A Dutch Perspective on the Takeover Bid Directive in the Context of Corporate Social Responsibility
36 Pages Posted: 29 Aug 2013
Date Written: July 10, 2013
Even though the Treaty on EU sets high standards for sustainable development, the EU Takeover Directive as it stands today lacks any reference to this topic. The practical implications of this shortcoming can be seen, for example, in offer documentation. In 2012, KPN, the Dutch telecommunications provider, was fighting a bid by América Móvil, the Latin American mobile group. We note that the offer memorandum did not contain any information on corporate social responsibility (CSR), certainly not with respect to KPN's worldwide operations nor concerning América Móvil's operations. CSR could be regarded as the corporate 'translation' of sustainable development.
According to the Directive, an offer memorandum must include information which is necessary to enable the shareholders of the target company to reach a 'properly informed decision' on the bid. The offeror must thus inform the shareholders how it estimates the target company's value, risks and prospects for the future.
For boards of listed companies, CSR has become a strategic subject which directly relates to a company's value, risks and prospects for the future. Hence, for shareholders it is also important to be informed about the company's CSR profile as a good profile implies that a company's board can effectively control a company's impact on the environment and on people, and has assessed how the company can best meet its future needs. The CSR profile provides important information for an offeror in order to be able to appreciate both the short-term and the long-term risk profile of a company. Short-term because causing environmental pollution or dealing inadequately with stakeholders constitutes the risk of legal claims against the company and/or the withdrawal of licenses. Long-term, because CSR also requires that a company assesses and reveals to what extent it depends on the availability of environmental services such as water and on the appreciation of stakeholders (the 'social license to operate'). An ineffective CSR strategy may threaten the reputation of the company, and hence the short-term and long-term prospects of that company. Consequently, for shareholders in a takeover situation, it is very relevant to be informed about the CSR strategy and the implementation of that strategy by the target company.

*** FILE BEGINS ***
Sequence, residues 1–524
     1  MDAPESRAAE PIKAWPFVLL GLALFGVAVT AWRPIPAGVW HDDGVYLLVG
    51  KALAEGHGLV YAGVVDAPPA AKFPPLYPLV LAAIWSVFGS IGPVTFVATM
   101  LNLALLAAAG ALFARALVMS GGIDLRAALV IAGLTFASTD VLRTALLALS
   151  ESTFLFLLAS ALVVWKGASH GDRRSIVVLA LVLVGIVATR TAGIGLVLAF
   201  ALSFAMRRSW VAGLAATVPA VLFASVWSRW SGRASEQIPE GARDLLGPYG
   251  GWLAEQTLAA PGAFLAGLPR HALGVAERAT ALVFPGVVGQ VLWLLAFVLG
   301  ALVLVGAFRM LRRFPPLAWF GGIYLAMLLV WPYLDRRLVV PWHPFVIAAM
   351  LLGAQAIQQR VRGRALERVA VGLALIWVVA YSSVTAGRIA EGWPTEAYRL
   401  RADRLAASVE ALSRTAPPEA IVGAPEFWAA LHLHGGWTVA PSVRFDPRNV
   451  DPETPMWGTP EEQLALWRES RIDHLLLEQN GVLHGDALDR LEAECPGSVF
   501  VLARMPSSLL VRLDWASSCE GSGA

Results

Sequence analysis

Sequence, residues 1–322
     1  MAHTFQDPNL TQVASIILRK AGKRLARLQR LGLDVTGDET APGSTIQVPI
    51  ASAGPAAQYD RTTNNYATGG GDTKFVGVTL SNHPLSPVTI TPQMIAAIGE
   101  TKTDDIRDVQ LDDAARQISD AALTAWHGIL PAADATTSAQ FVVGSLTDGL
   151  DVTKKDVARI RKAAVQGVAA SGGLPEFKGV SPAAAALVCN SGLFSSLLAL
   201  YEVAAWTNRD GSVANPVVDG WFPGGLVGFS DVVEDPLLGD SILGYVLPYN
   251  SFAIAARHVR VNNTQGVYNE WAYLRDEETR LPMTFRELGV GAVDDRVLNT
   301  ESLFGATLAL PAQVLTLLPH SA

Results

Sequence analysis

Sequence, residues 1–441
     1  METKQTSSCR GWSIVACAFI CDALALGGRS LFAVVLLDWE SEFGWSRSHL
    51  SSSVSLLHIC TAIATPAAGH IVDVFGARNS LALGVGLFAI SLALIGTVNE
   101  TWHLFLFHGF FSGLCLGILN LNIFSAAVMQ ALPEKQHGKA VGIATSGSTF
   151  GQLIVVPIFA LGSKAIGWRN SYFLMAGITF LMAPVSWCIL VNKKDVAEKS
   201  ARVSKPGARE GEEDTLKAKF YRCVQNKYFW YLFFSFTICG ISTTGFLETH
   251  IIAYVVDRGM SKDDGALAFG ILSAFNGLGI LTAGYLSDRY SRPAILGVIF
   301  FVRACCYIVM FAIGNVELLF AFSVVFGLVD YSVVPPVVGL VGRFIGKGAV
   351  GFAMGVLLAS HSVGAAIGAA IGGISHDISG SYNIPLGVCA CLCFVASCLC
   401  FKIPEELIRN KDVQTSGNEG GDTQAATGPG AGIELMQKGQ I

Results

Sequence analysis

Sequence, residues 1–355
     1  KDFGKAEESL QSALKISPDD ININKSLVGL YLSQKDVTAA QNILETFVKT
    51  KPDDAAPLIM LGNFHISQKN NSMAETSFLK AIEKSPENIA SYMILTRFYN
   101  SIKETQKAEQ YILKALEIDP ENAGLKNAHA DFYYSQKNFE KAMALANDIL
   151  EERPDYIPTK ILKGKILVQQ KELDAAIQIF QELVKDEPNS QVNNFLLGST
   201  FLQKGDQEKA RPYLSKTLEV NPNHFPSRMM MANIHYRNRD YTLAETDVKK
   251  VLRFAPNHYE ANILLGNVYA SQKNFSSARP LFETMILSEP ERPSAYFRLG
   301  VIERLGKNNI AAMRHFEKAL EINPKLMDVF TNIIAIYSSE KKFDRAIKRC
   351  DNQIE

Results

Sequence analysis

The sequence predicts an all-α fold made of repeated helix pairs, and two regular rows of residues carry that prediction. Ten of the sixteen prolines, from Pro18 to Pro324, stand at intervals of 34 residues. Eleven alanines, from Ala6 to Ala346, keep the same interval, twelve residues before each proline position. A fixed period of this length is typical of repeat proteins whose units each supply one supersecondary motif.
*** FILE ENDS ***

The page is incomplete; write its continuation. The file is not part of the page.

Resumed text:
In this article the authors examine to what extent the EU Takeover Directive's requirements pertaining to the offer memorandum's content suffice in divulging all relevant information, including information relating to CSR - sustainable development. Based on theoretical arguments, the authors argue that it is important for a shareholder or an employee, who has to decide whether he supports a takeover bid, to learn about CSR issues in order to be able to make up his mind on the basis of a full picture of the risks and opportunities of a business enterprise. The empirical study conducted by the authors, consisting of evaluating ten recent sets of offer documentation, has revealed that an offer memorandum typically only contains information which is explicitly required by the law. The drafters often follow a 'compliance approach', as if the Directive provides a checklist rather than requiring a full picture to be provided. Based on their research, the authors suggest that a change in the text of the Directive is necessary: a clear requirement to provide information about CSR should be part of the Directive’s articles.
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